Tea, coffee, or water, please. The better the book, the hungrier (literally) I get.

20) If you could read in a foreign language, which language would you choose?

A small goal of mine is to read the French version of Harry Potter, as a way to stretch old muscles and re-discover Harry's world.

21) How many books do you usually check out at the library?

I go for two but just have to grab that extra third.

22) How many of those books return unread?

That extra third book.

.     .     .     .

Choose a question or two and tell me about beautiful, reader-ly you.



Monday, January 6, 2014

Sleep So Soundly

.     .     .

I didn't think I had it in me to get up today. There was no foreseeable reason to open the blinds.

But it's not so simple for a writer to stay like that. Unoccupied, I'm always visited by one or two characters. One lazed about beside me and said ridiculous things, like who had the worse case of bedhead (we both considered ourselves the winner). Another tried coaxing me up and, frustrated, conspired with her father then promised to trick me into it later. She came through on that promise.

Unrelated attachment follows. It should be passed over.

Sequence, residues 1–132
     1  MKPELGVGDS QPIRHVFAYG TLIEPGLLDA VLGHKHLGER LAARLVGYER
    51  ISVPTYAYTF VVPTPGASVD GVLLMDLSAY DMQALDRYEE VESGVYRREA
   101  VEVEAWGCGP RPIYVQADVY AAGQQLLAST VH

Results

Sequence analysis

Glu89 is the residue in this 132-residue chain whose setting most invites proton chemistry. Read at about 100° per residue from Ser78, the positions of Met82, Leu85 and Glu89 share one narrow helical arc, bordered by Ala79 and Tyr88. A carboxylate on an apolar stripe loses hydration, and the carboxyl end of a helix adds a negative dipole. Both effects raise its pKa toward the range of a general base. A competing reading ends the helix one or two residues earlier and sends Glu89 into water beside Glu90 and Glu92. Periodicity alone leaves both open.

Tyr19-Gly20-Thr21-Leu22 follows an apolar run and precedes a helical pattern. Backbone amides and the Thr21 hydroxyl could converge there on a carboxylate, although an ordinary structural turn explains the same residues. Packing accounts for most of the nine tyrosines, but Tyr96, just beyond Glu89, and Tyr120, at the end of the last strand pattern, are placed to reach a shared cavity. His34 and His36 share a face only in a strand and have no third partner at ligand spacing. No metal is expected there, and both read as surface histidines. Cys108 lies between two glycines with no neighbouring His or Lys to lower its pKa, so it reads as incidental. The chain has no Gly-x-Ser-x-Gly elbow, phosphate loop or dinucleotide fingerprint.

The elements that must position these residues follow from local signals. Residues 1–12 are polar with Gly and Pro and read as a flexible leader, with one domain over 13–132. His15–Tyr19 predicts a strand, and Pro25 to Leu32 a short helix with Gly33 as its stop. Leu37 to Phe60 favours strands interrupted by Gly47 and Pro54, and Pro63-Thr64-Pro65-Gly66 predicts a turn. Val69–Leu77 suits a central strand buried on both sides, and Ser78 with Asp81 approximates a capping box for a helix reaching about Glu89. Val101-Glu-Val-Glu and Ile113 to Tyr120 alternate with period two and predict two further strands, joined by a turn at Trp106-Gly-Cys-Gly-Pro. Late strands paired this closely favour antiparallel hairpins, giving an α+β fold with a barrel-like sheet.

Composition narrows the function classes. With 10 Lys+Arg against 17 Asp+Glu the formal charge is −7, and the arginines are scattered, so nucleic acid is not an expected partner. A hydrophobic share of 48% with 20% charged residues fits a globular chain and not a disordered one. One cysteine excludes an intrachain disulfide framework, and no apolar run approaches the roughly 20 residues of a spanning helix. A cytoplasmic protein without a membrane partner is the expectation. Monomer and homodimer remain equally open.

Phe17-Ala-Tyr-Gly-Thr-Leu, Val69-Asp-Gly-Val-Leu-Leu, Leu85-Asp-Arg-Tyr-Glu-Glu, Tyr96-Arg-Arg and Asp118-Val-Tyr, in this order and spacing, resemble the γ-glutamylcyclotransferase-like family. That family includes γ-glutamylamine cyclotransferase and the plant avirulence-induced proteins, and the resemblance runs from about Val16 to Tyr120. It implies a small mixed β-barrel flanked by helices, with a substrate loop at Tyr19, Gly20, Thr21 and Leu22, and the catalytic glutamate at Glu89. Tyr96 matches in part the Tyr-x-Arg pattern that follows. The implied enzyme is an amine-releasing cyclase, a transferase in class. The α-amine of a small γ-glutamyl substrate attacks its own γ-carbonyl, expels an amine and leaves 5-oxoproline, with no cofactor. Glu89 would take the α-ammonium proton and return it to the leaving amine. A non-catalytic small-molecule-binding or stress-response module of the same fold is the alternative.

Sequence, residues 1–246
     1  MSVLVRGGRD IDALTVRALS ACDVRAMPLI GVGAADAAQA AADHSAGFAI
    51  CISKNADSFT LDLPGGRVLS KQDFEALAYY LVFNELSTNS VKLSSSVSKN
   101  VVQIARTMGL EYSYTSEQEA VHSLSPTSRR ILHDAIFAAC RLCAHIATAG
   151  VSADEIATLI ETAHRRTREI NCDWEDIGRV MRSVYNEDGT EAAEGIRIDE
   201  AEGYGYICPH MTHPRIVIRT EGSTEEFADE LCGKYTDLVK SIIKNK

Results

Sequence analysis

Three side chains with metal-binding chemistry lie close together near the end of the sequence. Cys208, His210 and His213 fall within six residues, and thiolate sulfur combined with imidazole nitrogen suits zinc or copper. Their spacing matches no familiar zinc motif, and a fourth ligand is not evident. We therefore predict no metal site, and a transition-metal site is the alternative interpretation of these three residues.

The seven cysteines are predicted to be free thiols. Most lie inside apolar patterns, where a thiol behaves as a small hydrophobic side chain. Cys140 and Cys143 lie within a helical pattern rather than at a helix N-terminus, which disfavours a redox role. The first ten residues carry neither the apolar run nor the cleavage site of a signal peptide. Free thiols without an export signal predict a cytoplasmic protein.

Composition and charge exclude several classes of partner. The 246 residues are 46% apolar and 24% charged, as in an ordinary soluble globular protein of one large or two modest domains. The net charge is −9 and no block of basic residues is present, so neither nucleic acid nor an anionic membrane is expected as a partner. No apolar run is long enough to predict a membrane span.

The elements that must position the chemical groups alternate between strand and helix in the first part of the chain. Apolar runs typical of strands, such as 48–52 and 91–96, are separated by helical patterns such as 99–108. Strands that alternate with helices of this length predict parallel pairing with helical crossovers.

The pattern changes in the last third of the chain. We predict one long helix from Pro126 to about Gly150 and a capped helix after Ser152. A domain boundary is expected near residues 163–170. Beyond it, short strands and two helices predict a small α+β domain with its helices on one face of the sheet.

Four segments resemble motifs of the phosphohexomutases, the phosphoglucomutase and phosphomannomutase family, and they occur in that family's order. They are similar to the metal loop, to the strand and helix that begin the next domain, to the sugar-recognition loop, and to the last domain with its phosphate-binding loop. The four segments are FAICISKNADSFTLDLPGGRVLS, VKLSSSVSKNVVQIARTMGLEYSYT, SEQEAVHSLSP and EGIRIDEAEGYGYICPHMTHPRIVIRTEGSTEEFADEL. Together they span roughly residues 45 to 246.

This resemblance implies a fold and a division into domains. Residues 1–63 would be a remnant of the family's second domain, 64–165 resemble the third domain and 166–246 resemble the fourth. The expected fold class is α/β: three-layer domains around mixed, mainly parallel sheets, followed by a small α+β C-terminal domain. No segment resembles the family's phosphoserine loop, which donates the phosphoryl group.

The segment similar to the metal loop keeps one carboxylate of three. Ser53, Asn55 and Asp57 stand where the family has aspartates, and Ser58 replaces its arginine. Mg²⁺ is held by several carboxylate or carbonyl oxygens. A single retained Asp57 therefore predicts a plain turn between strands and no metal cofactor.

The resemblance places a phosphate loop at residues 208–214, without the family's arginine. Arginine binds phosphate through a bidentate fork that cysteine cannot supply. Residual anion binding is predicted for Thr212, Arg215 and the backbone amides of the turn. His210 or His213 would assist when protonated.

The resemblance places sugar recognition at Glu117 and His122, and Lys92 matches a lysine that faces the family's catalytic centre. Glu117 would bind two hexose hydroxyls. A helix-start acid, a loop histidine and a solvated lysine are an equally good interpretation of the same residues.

Repose, regardless of reason, always ignites creative minds.

So how could I ever be deficient in company? Only by not letting them in. I've lately shut out many lovely people in my life.

My last evening in Rome, I hurt my hand jumping off a wall. As my handsome companion looked it over, he told me some wounds need the light to heal.

So, I'll open the blinds and curl my hair while story characters fill my head with words lovely like a lullaby.

.     .     .


Christian Riemensc

{source unknown}

Tumblr

Thewhiteruff

Long Exposure Photograph of Gold Fireflies in Japan by Colossal

Artpixie

Music with Rae

.     .     .


 What have your characters done for you?